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Rooted in RSS tradition, M G Vaidya strove to uphold Indian intellectualism

Vaidya believed in inclusive intellectualism, which led him to develop friendship across ideological streams. This uniqueness kept him free from intellectual or ideological orthodoxy.

Written by Dr Rakesh Sinha |
Updated: December 21, 2020 8:51:14 am
Senior RSS ideologue and the first spokesperson of the organization Madhav Govind Vaidya passed away at the age of 97. (Source: Dr. Manmohan Vaidya/Twitter)

M G Vaidya, who passed away on December 19, was a familiar name in the intellectual life of India, and his contribution to many prominent discourses is invaluable. In fact, his name is synonymous with RSS’s intellectualism. He worked with six RSS sarasanghachalaks, including its founder K B Hedgewar. Vaidya joined the Sangh at the age of eight in 1931 and his zeal for organisational and ideological matters remained undiminished till the last breath.

He was appointed the Sangh’s first spokesperson and interacted energetically with the media, with the objective of removing the then prevalent myths about the RSS, and confronting secularist lies.

Vaidya accorded primacy to ideas, not personalities. This is one reason for his popularity in the RSS. In a condolence meeting for Hedgewar, his successor M S Golwalkar said, “RSS is not a votary of individualism.” Vaidya remained true to this tradition all his life.

He was born in Taroda, a village in Maharashtra’s Wardha district on March 11, 1923 and received his primary education from the same school in Nagpur as Hedgewar. His academic excellence led him to be a teacher at Morris College, Nagpur. Vaidya later served as the chief editor of Tarun Bharat, a Marathi daily run by the RSS. He also served as a member of Maharashtra’s Legislative Council. He was among national leaders like Dattopant Thengadi and Nanaji Deshmukh, who returned to the RSS after years in politics, without losing any of their original ideological inclination.

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Vaidya believed in inclusive intellectualism, which led him to develop friendship across ideological streams. This uniqueness kept him free from intellectual or ideological orthodoxy. He never hesitated to speak the truth. Books were his unfailing friends and his reading habits made sure that Vaidya was never obsolete in any discourse.

In 2019, I requested him to write the foreword to my book, Understanding RSS. This piece was, perhaps, his last serious contribution in the field of ideas. Succinctly summarising the objective of the RSS, he wrote, “The RSS never aimed at establishing an organised group within the society. Its mission has been to organise the entire society. And everyone knows that any society is a complex existence — it functions through various spheres of activities. Politics is one sphere but not the only one. Organising the society means organising all these spheres.” He believed that the organisation is a living instrument of harmonising groups and communities, including political classes — not a harbinger of conflicts. Vaidya unequivocally believed “politics is one sphere, not the only one” and, therefore, it was a myth that the RSS existed for political gains.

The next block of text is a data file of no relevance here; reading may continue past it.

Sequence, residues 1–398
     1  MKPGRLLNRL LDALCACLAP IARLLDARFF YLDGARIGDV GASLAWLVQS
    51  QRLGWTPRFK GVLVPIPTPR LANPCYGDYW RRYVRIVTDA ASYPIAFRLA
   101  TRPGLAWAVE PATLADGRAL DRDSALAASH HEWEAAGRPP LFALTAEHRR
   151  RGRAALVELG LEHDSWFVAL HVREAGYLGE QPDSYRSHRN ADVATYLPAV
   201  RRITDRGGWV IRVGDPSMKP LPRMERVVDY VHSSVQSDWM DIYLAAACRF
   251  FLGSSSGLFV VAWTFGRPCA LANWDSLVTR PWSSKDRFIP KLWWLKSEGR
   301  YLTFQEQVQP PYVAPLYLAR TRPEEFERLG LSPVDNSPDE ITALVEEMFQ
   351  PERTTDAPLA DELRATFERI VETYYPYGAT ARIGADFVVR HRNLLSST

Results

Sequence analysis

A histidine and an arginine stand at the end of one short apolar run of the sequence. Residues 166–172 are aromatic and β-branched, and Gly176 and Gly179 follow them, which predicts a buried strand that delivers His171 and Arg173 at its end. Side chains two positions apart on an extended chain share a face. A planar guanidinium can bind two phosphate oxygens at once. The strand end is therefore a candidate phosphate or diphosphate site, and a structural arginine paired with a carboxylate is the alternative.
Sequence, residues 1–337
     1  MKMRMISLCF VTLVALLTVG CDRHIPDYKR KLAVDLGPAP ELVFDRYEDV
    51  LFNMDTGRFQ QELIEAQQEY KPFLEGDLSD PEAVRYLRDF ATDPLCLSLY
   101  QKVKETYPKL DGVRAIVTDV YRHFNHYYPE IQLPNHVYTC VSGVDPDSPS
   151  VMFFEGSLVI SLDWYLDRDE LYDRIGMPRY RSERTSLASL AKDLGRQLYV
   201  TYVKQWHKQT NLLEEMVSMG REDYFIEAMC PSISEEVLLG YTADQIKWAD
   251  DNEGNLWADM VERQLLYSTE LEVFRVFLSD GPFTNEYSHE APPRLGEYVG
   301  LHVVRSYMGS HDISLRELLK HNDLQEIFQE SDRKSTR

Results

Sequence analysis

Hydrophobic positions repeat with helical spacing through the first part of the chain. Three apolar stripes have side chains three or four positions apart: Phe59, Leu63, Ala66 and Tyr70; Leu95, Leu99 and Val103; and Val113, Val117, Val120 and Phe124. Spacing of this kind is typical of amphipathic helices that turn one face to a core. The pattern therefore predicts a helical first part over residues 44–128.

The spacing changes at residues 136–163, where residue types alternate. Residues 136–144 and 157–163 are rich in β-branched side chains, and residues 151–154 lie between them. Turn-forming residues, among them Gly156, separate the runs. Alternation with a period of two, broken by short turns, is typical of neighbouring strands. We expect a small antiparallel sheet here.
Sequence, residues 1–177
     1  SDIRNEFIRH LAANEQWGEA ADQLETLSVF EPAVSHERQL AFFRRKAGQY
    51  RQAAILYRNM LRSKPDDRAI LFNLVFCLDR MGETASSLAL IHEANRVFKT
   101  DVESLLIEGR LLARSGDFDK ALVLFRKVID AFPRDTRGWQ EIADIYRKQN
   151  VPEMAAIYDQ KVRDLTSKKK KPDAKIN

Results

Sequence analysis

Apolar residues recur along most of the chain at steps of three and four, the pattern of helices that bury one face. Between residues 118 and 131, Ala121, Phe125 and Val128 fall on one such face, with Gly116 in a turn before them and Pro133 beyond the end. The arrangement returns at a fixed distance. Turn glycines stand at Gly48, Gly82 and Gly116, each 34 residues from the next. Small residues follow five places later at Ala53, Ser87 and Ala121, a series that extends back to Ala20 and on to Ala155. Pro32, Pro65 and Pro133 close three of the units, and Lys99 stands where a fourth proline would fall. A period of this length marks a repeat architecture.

He was a voracious reader of the works of European thinkers but never submitted to the Eurocentric intellectualism which has, unfortunately, trapped a large number of our social scientists. He argued that contemporary Indian intellectuals miss the distinction between the state and the nation.

Vaidya endorsed Ernest Barker’s definition of state as “a living body of effective rules and in that sense, the state is about law”. The identity of a nation, in contrast, is much greater and older than that of the state. For a nation, the sentiments of the land in which people live for generations, a common sense of history and the adherence to a certain value system, culture, were essential. That is why the RSS’s mission is civilisational and is represented by cultural nationalism in contemporary context.

Conviction in ideological movements is mostly confined to participants. The RSS has initiated a new tradition. Its ideology is carried forward by values. Without values, ideology loses its engine of effective transmission. Many ideological movements have faced such dilemmas, and declined. The RSS emphasises that a swayamsevak’s family should understand the organisation’s functioning and ideological tradition: In other words, charity begins at home. That is why the sons of several RSS workers have become the organisation’s pracharaks. Mohan Bhagwat was inspired to become a pracharak as his father had served as one for decades. M G Vaidya’s case is unique: His two sons, Manmohan Vaidya and Ram Vaidya, are Sangh pracharaks. He would be remembered as an intellectual who never practised ideological untouchability and was never a reactionary theoretician. His life is a lesson for all those striving to uphold the Indian tradition of intellectualism, and trying to give rigour to the idea of India.

This article first appeared in the print edition on December 21, 2020 under the title “A homegrown ideologue” The writer, a Rajya Sabha Member of the BJP, is a biographer of Hedgewar

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